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Archive through March 18, 2014Reepicheep30 03-18-14  10:18 am
Archive through March 10, 2014Aesquire30 03-10-14  09:38 am
         

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Torquehd
Posted on Monday, March 24, 2014 - 07:58 am:   Edit Post Delete Post View Post/Check IP Print Post    Move Post (Custodian/Admin Only) Ban Poster IP (Custodian/Admin only)

The Energica, while not yet commercially available (to my knowledge) looks like a more affordable contender. The article says it will be ready for market in 2015.

http://www.cycleworld.com/2013/09/23/2015-energica -ego-electric-superbike-first-ride-review-photos-v ideo/

http://www.energicasuperbike.com/

It has limited reviews and information available. I doubt it's on the same level as the Mission, but it may be a stepping stone to affordable Electric sportbikes.
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Reepicheep
Posted on Monday, March 24, 2014 - 10:38 am:   Edit Post Delete Post View Post/Check IP Print Post    Move Post (Custodian/Admin Only) Ban Poster IP (Custodian/Admin only)

About 100 miles at 45 MPH, so usable for a normal commute.

$20K still puts it in the "have money to burn" category.
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Sifo
Posted on Monday, March 24, 2014 - 11:17 am:   Edit Post Delete Post View Post/Check IP Print Post    Move Post (Custodian/Admin Only) Ban Poster IP (Custodian/Admin only)

About 100 miles at 45 MPH, so usable for a normal commute.

$20K still puts it in the "have money to burn" category.


And takes it out of "superbike" territory. Actually the power available takes it out of that territory too.

I do think it's pretty impressive though. Not useful for a simple day ride on the bike though. Very expensive commuter bike. Impressive as it may be, those two limitations puts it in a very small niche market.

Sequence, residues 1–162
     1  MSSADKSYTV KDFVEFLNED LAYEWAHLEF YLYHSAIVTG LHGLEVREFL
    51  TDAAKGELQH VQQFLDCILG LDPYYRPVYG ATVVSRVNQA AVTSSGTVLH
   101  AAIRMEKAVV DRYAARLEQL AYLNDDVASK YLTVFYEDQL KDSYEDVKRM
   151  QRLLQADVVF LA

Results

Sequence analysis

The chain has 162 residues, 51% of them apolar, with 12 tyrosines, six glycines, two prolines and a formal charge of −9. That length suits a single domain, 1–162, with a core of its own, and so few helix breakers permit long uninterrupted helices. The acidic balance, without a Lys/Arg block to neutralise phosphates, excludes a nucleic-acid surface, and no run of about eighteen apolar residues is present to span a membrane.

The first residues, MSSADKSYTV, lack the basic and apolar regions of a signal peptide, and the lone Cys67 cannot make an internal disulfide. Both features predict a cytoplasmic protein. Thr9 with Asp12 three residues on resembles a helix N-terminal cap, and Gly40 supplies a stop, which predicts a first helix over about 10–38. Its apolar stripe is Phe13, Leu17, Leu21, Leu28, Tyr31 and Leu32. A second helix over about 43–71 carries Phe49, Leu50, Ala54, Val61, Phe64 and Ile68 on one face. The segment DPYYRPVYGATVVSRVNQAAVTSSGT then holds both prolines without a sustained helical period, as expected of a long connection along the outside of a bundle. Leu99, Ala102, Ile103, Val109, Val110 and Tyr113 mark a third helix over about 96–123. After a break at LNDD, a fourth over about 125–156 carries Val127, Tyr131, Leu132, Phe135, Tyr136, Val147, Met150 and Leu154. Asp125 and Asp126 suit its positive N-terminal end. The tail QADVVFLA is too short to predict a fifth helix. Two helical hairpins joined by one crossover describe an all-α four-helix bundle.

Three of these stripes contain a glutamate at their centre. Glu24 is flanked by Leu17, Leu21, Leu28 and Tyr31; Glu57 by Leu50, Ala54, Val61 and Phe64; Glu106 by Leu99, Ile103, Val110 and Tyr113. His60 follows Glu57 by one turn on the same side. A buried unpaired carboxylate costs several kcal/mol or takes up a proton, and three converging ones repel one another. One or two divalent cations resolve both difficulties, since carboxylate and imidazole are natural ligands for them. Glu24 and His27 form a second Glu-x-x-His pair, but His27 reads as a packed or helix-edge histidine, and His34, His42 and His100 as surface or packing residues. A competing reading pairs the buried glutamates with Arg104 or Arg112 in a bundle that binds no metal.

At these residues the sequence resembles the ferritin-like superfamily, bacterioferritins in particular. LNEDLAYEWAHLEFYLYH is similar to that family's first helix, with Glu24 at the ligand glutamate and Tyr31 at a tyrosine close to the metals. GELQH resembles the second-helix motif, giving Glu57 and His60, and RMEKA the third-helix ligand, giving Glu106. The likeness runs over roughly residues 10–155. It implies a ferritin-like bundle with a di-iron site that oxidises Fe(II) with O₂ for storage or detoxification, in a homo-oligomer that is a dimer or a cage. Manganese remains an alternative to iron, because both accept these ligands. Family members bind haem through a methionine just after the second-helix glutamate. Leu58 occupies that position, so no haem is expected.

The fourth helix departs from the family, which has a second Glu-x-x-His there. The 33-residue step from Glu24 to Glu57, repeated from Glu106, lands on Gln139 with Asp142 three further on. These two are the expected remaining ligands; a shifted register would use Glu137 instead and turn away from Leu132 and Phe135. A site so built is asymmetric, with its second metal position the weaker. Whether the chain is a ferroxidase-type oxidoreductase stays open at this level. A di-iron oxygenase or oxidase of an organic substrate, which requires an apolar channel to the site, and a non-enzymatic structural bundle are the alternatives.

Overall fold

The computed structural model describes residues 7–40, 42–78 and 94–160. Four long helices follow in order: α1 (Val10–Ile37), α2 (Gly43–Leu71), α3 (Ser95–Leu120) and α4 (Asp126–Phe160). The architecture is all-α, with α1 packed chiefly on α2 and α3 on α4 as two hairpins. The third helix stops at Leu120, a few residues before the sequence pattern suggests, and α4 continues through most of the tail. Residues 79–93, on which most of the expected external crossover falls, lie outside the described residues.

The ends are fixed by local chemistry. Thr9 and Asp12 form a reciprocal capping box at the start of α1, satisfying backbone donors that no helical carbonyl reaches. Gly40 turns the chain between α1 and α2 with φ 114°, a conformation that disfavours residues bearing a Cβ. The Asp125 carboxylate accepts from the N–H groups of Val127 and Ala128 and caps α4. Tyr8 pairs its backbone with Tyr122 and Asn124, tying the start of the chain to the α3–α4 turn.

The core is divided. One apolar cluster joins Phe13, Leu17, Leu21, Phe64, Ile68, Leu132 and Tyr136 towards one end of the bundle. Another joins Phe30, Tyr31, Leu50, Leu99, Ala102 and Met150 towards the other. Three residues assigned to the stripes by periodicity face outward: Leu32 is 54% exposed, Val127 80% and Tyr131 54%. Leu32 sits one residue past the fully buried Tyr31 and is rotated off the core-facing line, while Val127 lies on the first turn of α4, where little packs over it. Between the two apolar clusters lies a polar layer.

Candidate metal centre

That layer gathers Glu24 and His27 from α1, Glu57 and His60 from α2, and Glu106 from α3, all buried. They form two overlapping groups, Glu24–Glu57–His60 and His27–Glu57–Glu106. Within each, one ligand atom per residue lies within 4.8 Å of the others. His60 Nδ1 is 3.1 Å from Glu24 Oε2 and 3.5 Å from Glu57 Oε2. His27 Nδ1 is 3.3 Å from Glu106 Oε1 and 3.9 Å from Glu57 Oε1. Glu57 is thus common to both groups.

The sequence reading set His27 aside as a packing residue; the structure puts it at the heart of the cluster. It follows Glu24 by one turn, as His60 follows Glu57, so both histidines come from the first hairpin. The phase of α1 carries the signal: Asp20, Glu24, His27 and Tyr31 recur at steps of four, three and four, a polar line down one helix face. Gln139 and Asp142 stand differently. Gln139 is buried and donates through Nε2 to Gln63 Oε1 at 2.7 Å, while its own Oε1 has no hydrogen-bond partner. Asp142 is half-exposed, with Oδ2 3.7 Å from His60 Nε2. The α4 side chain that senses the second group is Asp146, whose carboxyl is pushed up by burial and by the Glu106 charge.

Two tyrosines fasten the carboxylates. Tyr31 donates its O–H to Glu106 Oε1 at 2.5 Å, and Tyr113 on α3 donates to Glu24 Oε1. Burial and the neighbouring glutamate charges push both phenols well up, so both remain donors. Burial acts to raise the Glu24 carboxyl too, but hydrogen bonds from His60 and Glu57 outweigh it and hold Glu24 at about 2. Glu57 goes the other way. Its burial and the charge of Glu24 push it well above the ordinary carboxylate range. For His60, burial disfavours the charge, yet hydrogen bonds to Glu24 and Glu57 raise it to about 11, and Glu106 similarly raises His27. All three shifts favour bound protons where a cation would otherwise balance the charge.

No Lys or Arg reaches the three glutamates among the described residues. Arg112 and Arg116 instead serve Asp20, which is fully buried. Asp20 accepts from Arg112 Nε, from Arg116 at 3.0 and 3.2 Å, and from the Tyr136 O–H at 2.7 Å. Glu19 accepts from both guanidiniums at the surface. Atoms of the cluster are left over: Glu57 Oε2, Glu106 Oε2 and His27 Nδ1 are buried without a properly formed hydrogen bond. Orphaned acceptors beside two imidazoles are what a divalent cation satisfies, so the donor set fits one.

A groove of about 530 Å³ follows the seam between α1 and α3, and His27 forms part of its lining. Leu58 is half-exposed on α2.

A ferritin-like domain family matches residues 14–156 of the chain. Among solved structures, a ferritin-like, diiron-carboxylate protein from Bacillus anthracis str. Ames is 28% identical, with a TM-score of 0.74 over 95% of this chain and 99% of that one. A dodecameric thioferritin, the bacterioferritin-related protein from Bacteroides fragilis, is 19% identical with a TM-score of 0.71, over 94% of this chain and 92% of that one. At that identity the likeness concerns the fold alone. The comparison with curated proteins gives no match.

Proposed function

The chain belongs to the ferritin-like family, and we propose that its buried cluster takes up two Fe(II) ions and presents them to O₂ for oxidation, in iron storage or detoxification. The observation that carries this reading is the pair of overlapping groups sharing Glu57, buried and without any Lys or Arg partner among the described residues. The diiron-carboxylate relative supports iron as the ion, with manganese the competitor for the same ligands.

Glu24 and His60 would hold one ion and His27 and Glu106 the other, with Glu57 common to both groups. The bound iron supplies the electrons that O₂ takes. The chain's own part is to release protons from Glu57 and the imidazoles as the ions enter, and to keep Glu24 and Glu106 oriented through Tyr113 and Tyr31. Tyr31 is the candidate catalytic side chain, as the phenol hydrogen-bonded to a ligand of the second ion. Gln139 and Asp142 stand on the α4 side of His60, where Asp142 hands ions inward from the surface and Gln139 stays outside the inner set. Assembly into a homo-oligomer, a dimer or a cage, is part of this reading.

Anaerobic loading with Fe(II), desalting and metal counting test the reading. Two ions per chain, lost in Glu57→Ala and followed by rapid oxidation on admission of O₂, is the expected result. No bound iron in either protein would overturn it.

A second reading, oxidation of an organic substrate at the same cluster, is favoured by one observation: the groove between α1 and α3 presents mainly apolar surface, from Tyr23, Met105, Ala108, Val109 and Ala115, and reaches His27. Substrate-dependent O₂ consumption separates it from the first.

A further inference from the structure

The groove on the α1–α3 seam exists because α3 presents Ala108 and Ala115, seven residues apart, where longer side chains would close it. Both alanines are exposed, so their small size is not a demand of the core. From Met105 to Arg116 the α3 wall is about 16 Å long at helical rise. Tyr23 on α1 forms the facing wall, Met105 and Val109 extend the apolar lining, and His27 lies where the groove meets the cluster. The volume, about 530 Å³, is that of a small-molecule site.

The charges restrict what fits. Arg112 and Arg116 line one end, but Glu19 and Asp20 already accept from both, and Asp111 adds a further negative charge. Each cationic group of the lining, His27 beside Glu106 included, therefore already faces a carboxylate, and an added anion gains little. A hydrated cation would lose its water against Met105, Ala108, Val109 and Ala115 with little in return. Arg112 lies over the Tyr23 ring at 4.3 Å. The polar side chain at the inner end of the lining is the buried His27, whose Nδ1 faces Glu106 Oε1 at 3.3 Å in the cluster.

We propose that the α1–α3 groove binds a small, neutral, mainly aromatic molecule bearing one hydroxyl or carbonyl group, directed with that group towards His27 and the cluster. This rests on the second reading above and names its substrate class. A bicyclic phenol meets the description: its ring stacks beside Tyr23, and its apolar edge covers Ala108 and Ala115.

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Torquehd
Posted on Tuesday, March 25, 2014 - 10:10 am:   Edit Post Delete Post View Post/Check IP Print Post    Move Post (Custodian/Admin Only) Ban Poster IP (Custodian/Admin only)

Anyone know why the Mission would use an AC induction motor instead of a permanent magnet axial flux motor?

From what I've read, the latter provides a greater power density and efficiency than the prior.

Also, Reep, since you seem like you know a little about electric motors, are you familiar with Yasa motors? They seems like they have very good power to weight ratios, and their size would be perfect for a motorcycle, but I've never seen an E-motorcycle using a Yasa.
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Reepicheep
Posted on Tuesday, March 25, 2014 - 12:59 pm:   Edit Post Delete Post View Post/Check IP Print Post    Move Post (Custodian/Admin Only) Ban Poster IP (Custodian/Admin only)

I was mainly electronics. Machines and Power 2 was one of the only two D's I got in college.

So I am just a good speculator.

I think I know that one though... a permanent magnet motor (or generator) is limited by the strength of the magnet in terms of how much power it can make (or generate). But it can "bootstrap" from nothing (no battery).

A non permanent magnet motor uses two sets of coils, one as the spinny part, one as the stationary part, both powered. So you can control the strength of the magnetic field and make a stronger magnet and more power. it also means you can't start with nothing when you want to use it as a generator, you actually need a battery to power up the coil at the same time you are spinning the motor. So you need a battery with some power to be able to charge a battery.

Of course if you are sending power to a spinny part, it needs a wire hooked to it, so you need some kind of brush and contact arrangement. Permanent magnets don't need wires to work, so you can just glue them to something and spin them without any complicated and fragile brush setups.

I'm sure the dual coil motors are more efficient across larger performance envelopes. Permanent magnet motors can probably be very efficient within a narrow range of peak power (corresponding to the strength of the magnets).
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